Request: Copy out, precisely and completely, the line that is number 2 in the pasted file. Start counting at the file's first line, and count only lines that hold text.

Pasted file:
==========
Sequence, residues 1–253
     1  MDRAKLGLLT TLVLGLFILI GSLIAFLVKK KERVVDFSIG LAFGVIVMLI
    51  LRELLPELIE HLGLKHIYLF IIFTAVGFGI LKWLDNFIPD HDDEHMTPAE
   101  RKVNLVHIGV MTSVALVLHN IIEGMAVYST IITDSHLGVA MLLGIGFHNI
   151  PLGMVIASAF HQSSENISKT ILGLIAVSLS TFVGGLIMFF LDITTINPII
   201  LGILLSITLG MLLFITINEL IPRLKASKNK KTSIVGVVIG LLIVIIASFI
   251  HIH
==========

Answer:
     1  MDRAKLGLLT TLVLGLFILI GSLIAFLVKK KERVVDFSIG LAFGVIVMLI